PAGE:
Forgery of the 2 p with the label 'TWO PENCE' placed too low in such a way that the original text 'THREE PENCE'(?) can still be seen partly. This label also extends too far to the left. Again there are crosses instead of letters in the bottom corners. Also this forgery with an unreadable circular "VF" town cancel.

A Jefferies forgery!
Forgeries made by Jeffreys. I've seen a whole sheet of 50 stamps (5 rows of 10 stamps) of these Jeffreys forgeries. The ornament on the chest of the Queen is too prominent. I've also seen the 2 p Jeffreys forgery with a '2 V' cancel resembling the above barred oval genuine cancels. I've also seen the 3 p forgery with a 'butterfly 1' postmark (see http://www.stampsofvictoria.com/half.php). The 2 p Jeffreys forgery only exists with 'TH' corner letters. There is a dark line from the lip to the chin in both forgeries. Since they were printed in sheetlets of 10 stamps (2x5), there are 5 varieties of each forgery (see below).

Jeffreys forgeries, distinguishing characteristics for each variety:
2 p:
1&6 White line above lower left corner square
2&7 No distinguishing characteristics
3&8 Finger of the right hand is indistinct
4&9 Second "E" of "PENCE" has white blob
5&10 Left hand is not outlined, right forefinger points to left of "P"
3 p:
1&6 There is a faint line between "RE"
2&7 The lower parts of the cross in the upper right corner are very thick.
3&8 Top of the "E" in the lower left corner is broken
4&9 The lower parts of the crosses in the upper corners are white and blurred
5&10 The second "E" of "THREE" has a top serif.

Other forgeries:


Oneglia forgeries, note, that the background is quite different from the genuine stamps. The chin has a thick outline. The ornament on the chest of the Queen is also rather distinctive.


Forgeries of the 3 p in green and blue, the "C" of "VICTORIA" is too squeezed. Also compare the Queen with a genuine stamp.

Official reprints exist, they were prepared in 1891 and are usually overprinted with the word 'Reprint'. The 2 p always has scratches on it. I have also seen some copies without the 'Reprint' overprint, but cancelled with a very clear '**LBOURNE **2' cancel in a single circle.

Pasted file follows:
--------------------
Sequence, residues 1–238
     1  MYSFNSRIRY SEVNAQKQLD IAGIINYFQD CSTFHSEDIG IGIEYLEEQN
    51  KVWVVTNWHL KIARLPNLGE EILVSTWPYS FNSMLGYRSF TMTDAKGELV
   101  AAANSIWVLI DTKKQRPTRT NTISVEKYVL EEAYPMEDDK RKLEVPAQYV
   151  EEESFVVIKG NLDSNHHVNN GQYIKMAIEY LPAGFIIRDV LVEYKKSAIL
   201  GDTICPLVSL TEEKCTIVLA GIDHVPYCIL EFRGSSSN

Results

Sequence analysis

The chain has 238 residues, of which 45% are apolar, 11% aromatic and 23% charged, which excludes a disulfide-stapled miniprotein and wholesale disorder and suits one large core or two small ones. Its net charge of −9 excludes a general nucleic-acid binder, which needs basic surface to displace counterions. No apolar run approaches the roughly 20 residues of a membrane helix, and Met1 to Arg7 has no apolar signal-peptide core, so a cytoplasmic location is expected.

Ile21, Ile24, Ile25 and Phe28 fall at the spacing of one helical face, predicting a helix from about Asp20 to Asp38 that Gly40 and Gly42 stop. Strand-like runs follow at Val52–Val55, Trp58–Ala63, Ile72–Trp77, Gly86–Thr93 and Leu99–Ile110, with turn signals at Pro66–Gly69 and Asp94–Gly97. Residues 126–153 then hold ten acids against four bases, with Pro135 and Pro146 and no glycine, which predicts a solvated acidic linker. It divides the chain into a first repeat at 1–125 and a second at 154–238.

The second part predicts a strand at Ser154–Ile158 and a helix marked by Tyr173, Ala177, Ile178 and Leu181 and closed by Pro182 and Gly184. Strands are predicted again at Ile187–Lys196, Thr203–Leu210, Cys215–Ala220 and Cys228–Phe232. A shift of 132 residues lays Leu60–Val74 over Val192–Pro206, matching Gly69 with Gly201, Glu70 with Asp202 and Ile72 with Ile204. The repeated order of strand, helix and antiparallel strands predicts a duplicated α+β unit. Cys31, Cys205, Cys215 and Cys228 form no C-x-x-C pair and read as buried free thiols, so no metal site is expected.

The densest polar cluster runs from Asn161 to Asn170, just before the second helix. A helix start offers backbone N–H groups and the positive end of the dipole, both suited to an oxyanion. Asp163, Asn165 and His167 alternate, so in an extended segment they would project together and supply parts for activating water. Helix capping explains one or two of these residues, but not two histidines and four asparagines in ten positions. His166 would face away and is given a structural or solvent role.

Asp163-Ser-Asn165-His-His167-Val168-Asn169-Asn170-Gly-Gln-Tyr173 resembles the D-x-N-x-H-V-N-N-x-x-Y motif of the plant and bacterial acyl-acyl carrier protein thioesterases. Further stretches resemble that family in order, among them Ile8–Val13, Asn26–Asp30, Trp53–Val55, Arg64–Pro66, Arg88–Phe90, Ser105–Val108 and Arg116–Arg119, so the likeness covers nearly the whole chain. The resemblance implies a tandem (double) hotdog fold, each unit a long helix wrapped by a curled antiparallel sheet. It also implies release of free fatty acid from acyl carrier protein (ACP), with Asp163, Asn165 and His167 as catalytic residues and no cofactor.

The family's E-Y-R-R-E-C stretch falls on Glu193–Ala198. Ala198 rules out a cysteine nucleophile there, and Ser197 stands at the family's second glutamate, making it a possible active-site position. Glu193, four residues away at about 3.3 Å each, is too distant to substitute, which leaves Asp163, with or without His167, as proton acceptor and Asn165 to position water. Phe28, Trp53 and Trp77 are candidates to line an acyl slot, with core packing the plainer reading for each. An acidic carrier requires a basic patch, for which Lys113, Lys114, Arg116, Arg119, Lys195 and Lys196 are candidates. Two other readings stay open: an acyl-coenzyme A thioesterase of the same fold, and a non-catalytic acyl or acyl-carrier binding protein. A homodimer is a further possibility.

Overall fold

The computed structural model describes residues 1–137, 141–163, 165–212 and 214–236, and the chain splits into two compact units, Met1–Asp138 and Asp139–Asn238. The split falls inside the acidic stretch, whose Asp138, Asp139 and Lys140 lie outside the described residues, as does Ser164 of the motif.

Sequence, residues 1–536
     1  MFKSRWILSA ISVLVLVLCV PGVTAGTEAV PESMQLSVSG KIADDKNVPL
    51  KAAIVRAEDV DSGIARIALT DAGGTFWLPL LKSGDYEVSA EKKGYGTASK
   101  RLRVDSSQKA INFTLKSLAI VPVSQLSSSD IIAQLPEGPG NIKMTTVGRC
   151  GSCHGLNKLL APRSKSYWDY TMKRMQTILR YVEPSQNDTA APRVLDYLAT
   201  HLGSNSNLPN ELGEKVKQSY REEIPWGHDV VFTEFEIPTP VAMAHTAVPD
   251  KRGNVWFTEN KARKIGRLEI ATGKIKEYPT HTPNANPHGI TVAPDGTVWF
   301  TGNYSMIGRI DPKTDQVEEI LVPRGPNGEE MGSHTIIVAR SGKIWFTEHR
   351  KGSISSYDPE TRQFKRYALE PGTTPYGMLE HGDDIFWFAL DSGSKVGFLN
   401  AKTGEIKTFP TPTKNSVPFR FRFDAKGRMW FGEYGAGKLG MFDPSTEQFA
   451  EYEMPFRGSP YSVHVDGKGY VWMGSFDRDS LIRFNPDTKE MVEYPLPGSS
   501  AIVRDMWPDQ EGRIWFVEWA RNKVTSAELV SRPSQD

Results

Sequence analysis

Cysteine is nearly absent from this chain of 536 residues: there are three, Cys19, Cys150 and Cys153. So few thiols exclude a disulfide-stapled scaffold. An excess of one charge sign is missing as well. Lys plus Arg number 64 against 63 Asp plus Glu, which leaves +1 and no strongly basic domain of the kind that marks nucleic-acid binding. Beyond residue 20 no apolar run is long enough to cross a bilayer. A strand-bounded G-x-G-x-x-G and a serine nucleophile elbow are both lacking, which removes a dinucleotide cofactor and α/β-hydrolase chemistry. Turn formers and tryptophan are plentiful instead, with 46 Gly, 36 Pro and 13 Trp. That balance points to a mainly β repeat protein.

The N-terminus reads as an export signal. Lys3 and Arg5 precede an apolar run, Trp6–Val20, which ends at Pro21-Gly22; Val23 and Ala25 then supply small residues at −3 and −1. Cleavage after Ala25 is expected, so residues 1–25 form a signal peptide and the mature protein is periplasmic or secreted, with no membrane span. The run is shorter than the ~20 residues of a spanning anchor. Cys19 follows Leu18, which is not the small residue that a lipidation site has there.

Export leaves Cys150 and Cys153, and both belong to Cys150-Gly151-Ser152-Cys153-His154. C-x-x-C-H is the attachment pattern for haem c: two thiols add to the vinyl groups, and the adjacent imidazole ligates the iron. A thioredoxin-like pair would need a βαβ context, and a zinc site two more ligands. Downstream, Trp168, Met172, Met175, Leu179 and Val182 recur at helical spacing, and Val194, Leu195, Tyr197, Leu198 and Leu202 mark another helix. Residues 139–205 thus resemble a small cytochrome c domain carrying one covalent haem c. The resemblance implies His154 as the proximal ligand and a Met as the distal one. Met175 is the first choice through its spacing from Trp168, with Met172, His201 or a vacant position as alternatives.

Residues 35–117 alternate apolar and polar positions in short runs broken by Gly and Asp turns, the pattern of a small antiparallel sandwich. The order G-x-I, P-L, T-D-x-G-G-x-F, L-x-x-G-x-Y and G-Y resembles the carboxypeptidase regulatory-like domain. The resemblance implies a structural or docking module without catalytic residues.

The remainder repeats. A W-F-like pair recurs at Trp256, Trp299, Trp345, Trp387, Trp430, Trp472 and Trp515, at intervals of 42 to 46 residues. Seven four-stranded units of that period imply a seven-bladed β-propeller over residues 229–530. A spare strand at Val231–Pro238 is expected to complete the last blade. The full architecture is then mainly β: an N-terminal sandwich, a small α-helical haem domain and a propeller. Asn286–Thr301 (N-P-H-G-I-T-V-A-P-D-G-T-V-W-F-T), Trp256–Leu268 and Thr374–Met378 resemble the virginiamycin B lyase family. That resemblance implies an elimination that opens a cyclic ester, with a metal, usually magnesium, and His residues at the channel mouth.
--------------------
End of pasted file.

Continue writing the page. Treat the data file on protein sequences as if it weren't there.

A forged 'VICTORIA' cancel taken from a Fournier Album of Philatelic Forgeries, I don't know on which stamps this forged cancel was used.

 

1853 Queen Victoria on a throne

Without country name


(Reduced sizes)

  2 p brown

With country name (1856)

1 p green

  1 p green
  6 p blue

The 1 p and 6 p have watermark 'Star', the 2 p has no watermark. The 2 p exists lithographed and engraved. Furthermore there are 50 varieties of this stamp (with different corner letters). The stamps were printed in 5 rows of 10 stamps with corner letters 'AE' in the upper left corner, followed by 'BF, 'CG', 'DH' etc upto 'KO'. The second row has letters 'LP' to 'UY', the third row 'VZ' to 'EK', the fourth row 'FL' to 'PU'. Finally the last row has 'QV' to 'WM'. The letter 'J' was not used (see table below). Specialists distinguish an error due to a second printing ('TVO' with YB corner letters; very rare). Some of the later lithographed 2 p stamps look like forgeries due to the wear of the plate and the poor printing (for example the background behind the throne starts to disappear).

Value of the stamps

vc = very common
c  = common
*  = not so common
** = uncommon
*** = very uncommon
R   = rare
RR  = very rare
RRR = extremely rare